With Game of Thrones Season 6 right around the corner, fans of the show are preparing themselves to find out the fate of Jon Snow, Daenerys, and, most importantly, her dragons. While Drogon, Rhaegal, Viserion, or any other dragon aren't real, dragons have played a real part in history. Time published a brief examination of the history of dragons on Friday, pointing out that the very idea of what a dragon is isn't clearly defined.

“In today’s world we often define a dragon as a giant, scaly, winged, reptilian beast, often that can breathe fire,” he says. “In the ancient world this wasn’t always the case. They were very often giant serpents of various kinds.”

And that’s not to mention dragons in Asian cultures or the early Mexican deity of the feathered serpent Quetzalcoatl, who are further from the dragons on Game of Thrones. Or that tons of different archaic words have been translated into English as “dragon.” Or the fact that many myths have been refracted through the lenses of various conquering cultures, maintaining their monsters but often losing some of their more complicated pre-monotheistic worldviews. Though some dragon myths are probably independent—anywhere with snakes or lizards could conceivably be a place that generates its own mythical scaly things—they became interwoven over time, Fee says, as travelers and traders brought stories from distant lands. (That same “telephone game” process of communicating myths happens with real creatures too, he says, as can be seen with early rumors about crocodiles and hippopotami.)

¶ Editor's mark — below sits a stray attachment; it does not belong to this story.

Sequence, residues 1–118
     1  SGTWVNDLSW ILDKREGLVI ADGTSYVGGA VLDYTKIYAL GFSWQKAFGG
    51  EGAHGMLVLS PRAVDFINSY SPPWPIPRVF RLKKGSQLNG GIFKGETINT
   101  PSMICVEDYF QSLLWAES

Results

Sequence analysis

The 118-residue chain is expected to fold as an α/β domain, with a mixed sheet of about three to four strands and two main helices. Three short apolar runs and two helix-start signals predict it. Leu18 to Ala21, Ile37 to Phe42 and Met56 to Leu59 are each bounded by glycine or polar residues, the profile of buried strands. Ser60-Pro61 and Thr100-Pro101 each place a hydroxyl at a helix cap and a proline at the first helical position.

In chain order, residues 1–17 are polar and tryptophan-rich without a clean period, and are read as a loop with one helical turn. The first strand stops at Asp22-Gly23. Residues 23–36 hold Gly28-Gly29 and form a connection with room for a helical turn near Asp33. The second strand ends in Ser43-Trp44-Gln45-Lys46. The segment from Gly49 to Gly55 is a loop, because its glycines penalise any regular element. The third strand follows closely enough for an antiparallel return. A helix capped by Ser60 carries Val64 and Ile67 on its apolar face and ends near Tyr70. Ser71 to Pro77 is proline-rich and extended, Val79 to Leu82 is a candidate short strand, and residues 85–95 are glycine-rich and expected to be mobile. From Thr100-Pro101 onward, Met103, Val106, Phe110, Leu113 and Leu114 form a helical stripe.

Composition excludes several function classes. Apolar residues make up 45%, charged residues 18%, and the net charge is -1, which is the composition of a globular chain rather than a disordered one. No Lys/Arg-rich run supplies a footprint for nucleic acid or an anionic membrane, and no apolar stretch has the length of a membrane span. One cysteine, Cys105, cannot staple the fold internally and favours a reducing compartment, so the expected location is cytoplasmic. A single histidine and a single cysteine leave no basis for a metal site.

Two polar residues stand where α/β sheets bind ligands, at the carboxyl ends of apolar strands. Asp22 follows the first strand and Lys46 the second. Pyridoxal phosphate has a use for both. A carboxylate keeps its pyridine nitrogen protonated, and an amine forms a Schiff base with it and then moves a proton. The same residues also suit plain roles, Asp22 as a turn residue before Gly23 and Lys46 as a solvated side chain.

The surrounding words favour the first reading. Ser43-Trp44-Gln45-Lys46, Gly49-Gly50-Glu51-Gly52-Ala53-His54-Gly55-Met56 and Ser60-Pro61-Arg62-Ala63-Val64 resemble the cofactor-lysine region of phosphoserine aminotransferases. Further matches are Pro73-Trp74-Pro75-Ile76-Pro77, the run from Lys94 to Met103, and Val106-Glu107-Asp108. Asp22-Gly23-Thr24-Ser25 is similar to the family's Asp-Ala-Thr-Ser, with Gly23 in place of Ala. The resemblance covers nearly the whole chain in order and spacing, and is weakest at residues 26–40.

Head over to Time to read more.

Feature image via HBO